Thursday, May 1, 2008


I feel sorry for bishops (and would not want to be one – ever.) On a day-to-day basis your own bishop will make decisions that somebody in the diocese will not like. Passionately. Others will be highly pleased with the same decision. In the end that decision he makes is one of hundreds that might step on the toes of any particular individual. Maybe yours. Making a decision is like throwing a grenade. No matter how carefully something is thought out, consulted about, researched, prayed over, in the end it is like pulling the pin, throwing the thing out into the public and seeing who starts screaming.

An old spiritual director of mine would always state emphatically, “Don’t speak ill of your bishop!” He was an all or nothing kind of guy and I respect him for it though I do not think that I agree wholly. There are times to call someone in authority on the carpet. We do not want our beloved Church on the front page for scandal again. But that truly is an exceptional case so I suppose that gives his declaration some merit. Then where is the fine line of where we say, “This is holy obedience and this is where we are holy speaking up”?

Fr. Hilkert (of happy memory) my first pastor as a priest once introduced me to a room full of people by saying, “Living in a rectory is a lot like marriage. They throw you into a house to live together and hope you get along.” There is an air of truth to that even between the Church and our bishop. We are family and the bishop is a father figure. He is the spiritual father of the diocese. You may think you have a great biological Dad or you might think that yours could use with a lot of help in the nurturing department. Either way the fourth commandment still counts for you, you cannot opt out unless there is something seriously wrong with the man. We always treat our Dads with respect even when disagreeing with them and in those rare cases when we must correct them. Should it be any different with our bishop?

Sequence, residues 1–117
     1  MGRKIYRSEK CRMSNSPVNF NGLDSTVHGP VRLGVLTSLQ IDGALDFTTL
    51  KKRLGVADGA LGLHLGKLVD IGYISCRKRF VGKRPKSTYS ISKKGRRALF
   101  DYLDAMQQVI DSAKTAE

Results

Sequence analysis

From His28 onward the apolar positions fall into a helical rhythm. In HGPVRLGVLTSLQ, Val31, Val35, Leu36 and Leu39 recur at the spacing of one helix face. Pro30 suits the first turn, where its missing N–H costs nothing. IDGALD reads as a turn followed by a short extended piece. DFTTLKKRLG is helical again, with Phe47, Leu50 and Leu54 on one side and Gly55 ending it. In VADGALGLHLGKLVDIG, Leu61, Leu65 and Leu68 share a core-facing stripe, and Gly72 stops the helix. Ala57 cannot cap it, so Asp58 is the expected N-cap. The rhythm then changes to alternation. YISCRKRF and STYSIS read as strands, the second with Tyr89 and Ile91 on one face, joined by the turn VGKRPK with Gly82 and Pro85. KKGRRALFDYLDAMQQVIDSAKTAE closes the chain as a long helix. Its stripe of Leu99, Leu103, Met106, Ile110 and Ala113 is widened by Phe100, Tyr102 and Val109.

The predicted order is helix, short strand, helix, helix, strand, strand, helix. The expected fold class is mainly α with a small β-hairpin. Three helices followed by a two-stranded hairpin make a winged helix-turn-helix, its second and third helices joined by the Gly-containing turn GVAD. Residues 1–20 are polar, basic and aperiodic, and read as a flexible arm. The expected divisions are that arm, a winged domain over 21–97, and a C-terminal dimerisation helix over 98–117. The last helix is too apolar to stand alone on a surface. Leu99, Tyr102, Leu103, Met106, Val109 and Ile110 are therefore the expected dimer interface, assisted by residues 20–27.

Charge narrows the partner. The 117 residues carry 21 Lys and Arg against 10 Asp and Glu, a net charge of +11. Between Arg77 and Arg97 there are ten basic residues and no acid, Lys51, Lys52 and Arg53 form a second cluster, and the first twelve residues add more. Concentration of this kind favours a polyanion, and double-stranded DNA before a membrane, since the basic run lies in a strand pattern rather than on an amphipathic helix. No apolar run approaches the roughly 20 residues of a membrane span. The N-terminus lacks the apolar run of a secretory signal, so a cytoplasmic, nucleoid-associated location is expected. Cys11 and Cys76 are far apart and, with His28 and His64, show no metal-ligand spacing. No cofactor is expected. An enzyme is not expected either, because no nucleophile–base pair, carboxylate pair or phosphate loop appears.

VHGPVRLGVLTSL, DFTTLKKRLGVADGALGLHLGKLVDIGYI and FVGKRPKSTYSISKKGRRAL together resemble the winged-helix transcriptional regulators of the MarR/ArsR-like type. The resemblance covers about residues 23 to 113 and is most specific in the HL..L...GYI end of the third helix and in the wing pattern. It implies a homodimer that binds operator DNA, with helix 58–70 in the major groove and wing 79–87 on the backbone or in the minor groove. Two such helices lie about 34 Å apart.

I have been in a number of discussion with peope recently all debating whether or not they like or approve of a bishop. Every apsect of the man is torn apart and disected. Some points have merit, others are just a matter of taste. Almost none of it is helpful. The best question (assuming nothing untoward is being done) is how can I be a good Catholic under this bishop? To do otherwise is to be a cause of division and make life more difficult for everyone. Like him or not he is your bishop. We may debate issues and decisions but in the end we will not get into heaven for being more clever but for acting with due respect.


Anonymous said...

I like your explanation on the bishops as Father figures, which of course they are. You just put it into a different type of context.

We have two great bishops (one is coadjutor and will be on his own soon as the other retires). The first was constantly ripped, and even recently in a half-page ad taken out, making demands and accusations, even while the group refused to name themselves directly. Tasteless and all of us are pretty much condemning the act. While the bishop hasn't been perfect, this diocese is a darned sight better than it was when he took over! Our other bishop, about to take over, was pretty much crucified from the moment his name was announced. And yet when people meet him, they are finding themselves disarmed...yet still go on to complain about what they think he's going to do. * sigh * They can't win. (And for the record, I LOVE this new bishop of ours, although I've never met him in person. )

Anonymous said...

OK, real timely post today. I just received an email, press release. Arch. Flynn officially retires today, his 75th birthday, meaning that Archb. Niensteadt is officially our Archbishop as of today. And we welcome him and continue to pray for them both!

Adrienne said...

I've found the best course of action is to avoid my Bishop whenever possible. When you live in North Idaho that's pretty easy.